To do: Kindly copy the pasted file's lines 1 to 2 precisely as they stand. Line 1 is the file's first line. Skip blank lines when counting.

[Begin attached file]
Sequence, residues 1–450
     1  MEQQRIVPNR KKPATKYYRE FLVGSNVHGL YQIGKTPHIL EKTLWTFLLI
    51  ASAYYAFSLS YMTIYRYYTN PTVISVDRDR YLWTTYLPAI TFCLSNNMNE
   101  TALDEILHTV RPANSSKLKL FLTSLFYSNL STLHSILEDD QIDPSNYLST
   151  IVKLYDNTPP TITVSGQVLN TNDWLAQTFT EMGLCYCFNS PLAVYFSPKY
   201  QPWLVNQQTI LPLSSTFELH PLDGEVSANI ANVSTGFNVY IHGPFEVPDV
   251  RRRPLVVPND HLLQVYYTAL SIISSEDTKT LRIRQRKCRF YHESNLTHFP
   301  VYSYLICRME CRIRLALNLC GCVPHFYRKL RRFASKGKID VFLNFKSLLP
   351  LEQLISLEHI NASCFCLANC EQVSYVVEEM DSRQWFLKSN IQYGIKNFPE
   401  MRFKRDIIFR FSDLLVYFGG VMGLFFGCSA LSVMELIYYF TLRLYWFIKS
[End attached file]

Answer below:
Sequence, residues 1–450
     1  MEQQRIVPNR KKPATKYYRE FLVGSNVHGL YQIGKTPHIL EKTLWTFLLI